30 July 2012

Silk Screening Class


It's fun sneaking in my watercolors before the post (smile)


The silk screen construction and uses workshop that I was contracted to teach in less than 2 weeks only has two students. The Stamp making workshop has none. The day after these are supposed to occur I am having the same workshop except that it is a 2 day workshop at the Art Greenhouse and that workshop is full.

Here are some pics of the process in the back barn.


This is my chop saw that I use to cut the wood. I am making 14 screens 14 X 14 (outside dimension). I did all the cutting a few days ago so you can see my screws and glue on the table


This is my assembly area - an old file cabinet with a sheet of 3/8" plywood, an old gooseneck lamp and my handy dandy battery screw gun.


Here are the completed screens plus an 18X40 I want to use for silk screening scarves. This screen should cover half the scarf (14X72). Now I have to treat each screen when dry with a coat of Cabot's waterproofing compound (can't remember the name of it). This mitigates the amount of tape needed to finish the screen.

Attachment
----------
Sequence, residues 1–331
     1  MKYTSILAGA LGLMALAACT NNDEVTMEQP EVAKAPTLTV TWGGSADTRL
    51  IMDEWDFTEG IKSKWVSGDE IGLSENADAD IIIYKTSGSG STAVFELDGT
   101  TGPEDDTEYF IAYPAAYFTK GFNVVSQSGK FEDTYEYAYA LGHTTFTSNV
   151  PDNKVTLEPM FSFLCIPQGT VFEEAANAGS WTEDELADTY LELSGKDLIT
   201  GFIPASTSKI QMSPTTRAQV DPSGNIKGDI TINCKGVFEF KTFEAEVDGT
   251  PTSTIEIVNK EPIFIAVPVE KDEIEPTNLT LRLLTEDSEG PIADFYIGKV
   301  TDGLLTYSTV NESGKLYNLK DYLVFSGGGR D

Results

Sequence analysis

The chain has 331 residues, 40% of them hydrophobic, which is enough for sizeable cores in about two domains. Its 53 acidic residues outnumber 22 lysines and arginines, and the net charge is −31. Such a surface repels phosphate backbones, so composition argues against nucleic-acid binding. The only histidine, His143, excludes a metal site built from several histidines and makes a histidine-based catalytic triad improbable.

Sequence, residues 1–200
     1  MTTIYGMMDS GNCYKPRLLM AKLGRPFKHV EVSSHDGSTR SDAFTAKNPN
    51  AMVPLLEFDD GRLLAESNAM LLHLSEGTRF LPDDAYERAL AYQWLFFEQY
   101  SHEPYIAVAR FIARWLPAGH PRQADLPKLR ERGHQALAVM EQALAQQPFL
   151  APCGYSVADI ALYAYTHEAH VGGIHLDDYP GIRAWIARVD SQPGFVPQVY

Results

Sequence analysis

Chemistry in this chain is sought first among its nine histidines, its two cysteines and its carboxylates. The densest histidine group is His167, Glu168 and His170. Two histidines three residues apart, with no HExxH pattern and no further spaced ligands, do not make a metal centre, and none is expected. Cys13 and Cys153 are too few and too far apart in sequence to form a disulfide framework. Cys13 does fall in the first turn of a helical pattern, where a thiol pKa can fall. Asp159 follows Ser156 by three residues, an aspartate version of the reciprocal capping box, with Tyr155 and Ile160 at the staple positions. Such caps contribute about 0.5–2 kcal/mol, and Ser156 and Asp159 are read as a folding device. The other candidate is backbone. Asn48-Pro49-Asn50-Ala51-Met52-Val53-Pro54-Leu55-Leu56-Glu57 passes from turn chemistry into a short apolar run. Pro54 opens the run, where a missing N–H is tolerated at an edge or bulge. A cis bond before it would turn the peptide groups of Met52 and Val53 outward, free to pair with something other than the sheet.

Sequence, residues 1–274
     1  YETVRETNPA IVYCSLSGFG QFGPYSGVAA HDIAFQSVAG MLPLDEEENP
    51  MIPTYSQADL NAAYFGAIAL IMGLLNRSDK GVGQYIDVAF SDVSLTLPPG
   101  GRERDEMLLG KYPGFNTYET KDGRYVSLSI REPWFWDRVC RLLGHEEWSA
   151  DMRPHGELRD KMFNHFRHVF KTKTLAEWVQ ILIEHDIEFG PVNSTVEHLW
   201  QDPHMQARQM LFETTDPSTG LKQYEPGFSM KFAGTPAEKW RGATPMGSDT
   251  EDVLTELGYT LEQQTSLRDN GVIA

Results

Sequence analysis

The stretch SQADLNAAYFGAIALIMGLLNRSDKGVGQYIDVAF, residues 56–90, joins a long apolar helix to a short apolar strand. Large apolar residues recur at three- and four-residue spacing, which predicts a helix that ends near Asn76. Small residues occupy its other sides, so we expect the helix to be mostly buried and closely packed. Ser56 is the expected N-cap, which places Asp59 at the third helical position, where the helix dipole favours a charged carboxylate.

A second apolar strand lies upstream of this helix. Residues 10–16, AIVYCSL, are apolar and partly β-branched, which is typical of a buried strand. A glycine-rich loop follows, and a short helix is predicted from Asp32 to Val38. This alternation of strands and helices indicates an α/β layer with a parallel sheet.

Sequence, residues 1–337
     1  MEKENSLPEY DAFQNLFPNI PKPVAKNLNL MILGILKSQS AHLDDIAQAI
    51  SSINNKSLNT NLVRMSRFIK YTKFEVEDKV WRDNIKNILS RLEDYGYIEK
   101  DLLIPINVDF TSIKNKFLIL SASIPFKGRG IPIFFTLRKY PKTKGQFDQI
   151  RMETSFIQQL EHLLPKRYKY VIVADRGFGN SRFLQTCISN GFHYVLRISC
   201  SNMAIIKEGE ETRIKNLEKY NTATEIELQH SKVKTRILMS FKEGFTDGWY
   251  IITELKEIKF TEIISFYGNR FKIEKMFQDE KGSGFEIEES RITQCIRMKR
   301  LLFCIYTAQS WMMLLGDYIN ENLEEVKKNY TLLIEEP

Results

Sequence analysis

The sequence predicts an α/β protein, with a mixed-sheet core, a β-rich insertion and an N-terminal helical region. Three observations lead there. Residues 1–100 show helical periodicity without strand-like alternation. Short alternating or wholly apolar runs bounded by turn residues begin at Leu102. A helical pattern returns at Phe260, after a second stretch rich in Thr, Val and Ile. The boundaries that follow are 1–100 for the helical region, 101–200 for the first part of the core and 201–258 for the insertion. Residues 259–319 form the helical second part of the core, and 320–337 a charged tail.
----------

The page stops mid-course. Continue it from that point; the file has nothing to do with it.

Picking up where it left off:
Today I applied the wood waterproofing which really stinks but eliminates the need for total coverage in tape. The screens look much neater too.
 This beauty is the 18X40 I made for deconstructed silk scarves. Can't wait to try it out.
 Wet frames air drying on a metal pole between to upside down rubbish cans
 This is the best waterproofing product even though it really stinks. Do this outside.




4 comments:

  1. I'm so impressed that you build all your own screens!! I've hijacked a couple of mine (by using stretcher frames) but would never attempt to build them.

    And yours are so beautifully sturdy looking - like* Eastern European mountain girls. lol


    *brace for romance!

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  2. er... and by "romance" I mean in the old sense - like I found "A Nun's Story" incredibly romantic - not like cupid romantic!

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  3. I like your screens too -- I wish I had known about the Cabots before I spent all that time covering mine with tape. What are you going to use for the long scarf-screening screen?

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  4. Wow, that's mans work!! Chapeau!!

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